Google is the gatekeeper of what is true in our society. For anyone in need of convincing, just consider how many arguments have only been resolved after somebody “googles it”.
Today all Australians were greeted with an ominous warning on googles front page. The warning was not of a natural disaster or impending doom but an advertisement in disguise on behalf of Google itself.
In response to Government regulation, Google drafted a media response containing misinformation that the Australian Competition & Consumer Commission (ACCC) has since refuted here. The purpose of this release was to leverage its position as the foremost dispenser of truth and manufacture public pressure against a piece of law that would cost the company money. With a market cap of over 1 trillion dollars, they have a lot to protect.
Although the proposed Government intervention is deeply flawed and counterproductive, the ease at which Google flexed its muscles so blatantly is far more disturbing.
This weaponisation of information and trust is the first time Google has adapted the function of its search engine to propagate propaganda. For over 20 years the Google search tab has been neutral ground for searching. For over 20 years Google was merely an interface or a tool to find information in a giant online library, using links to various pages that were understood to be independent of Google itself. Recently, in a foray to provide filtered yet concise information, Google’s Natural Questions Lab has provided answers to non-controversial, factual questions such as “when are hops added to the brewing process?” or “who is the author of the book Arabian Nights?”. Today it blatantly weaponized the functionality of the search engine to promote self-serving misinformation and propaganda.
This is likely to be the start of a trend that companies like Facebook and Amazon will employ to sway public opinion as they face mounting regulatory pressure across the globe.
This also raises serious antitrust issues and competition violations. Why is google allowed to display advertisements reserved only for their purposes? Google should not have unique access to channels of information that local and small businesses are blocked from accessing. More importantly, however, it highlights how these trillion-dollar companies have asymmetric access to the flow of information and the ability for them to implement sweeping misinformation campaigns.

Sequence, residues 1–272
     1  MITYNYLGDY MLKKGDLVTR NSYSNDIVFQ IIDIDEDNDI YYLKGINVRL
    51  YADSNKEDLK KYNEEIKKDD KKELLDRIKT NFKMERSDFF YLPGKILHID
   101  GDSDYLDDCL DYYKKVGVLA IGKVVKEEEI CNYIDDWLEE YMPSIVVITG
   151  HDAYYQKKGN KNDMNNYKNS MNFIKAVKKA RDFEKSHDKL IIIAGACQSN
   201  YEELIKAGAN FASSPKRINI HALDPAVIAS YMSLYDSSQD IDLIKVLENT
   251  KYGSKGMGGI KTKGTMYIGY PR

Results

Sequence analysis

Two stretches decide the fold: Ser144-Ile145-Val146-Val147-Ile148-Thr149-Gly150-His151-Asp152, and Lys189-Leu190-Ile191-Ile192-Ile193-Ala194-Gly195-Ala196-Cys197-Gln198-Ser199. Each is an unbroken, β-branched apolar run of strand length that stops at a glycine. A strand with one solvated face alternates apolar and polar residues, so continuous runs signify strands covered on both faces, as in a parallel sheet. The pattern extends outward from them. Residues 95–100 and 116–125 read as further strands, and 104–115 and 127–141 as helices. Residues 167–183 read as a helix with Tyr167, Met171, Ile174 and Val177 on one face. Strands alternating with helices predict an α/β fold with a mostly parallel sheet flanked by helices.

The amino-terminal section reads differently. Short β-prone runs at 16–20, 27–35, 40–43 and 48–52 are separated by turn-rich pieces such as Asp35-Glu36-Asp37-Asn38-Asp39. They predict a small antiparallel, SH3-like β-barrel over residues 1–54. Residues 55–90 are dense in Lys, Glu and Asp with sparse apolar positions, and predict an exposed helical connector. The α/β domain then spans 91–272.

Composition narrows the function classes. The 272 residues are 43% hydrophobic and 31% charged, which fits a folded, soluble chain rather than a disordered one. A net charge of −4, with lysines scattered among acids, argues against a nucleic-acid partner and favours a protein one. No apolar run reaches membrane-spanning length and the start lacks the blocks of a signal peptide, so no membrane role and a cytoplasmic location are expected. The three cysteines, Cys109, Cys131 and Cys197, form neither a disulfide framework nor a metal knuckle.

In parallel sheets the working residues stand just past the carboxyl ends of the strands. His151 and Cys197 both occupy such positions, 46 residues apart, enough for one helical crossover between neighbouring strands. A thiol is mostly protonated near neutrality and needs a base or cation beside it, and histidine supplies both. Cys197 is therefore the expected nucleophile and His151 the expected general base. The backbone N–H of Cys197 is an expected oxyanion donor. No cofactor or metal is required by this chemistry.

Merely posting advertisement and propaganda under the guise of a warning is seriously concerning. So much of the information humans consume is unconscious and depends on the environment it was consumed. An official-looking warning on the main page of the world pre-eminent distributor of truth is completely different from a sponsored ad in the corner of your screen. It will be interesting to see how many people will accept these “warnings” at face value. I worry that the answer will be, “too many”.
If they were properly threatened, there is no reason they couldn’t manipulate their algorithms so silence or dampen online movements that impact their bottom line. For all the chaos Russia wreaked on the leading global superpower, with a few fake accounts, Google or Facebook could cause 10x the damage with an invisible tweak to its algorithms. News articles could be effectively given free advertisement or thrown into the trash by an editorial team that has zero accountability and comprised entirely of algorithms. Such course interventions are unlikely to be implemented soon and would carry immense risks, perhaps caused by morally upstanding employees who leak it to the very press they would be trying to coerce. Pushed into a corner, however, such actions would not be without precedent.
BUT you don’t need conspiracy theories to see the power they have. These trillion dollar companies have a lot to lose. This blatant and visible application of asymmetric information warfare should worry everyone.
When a 1 trillion-dollar company, can reach an entire country and deliver self-serving misinformation disguised as an official warning without paying a cent, alarm bells should be ringing.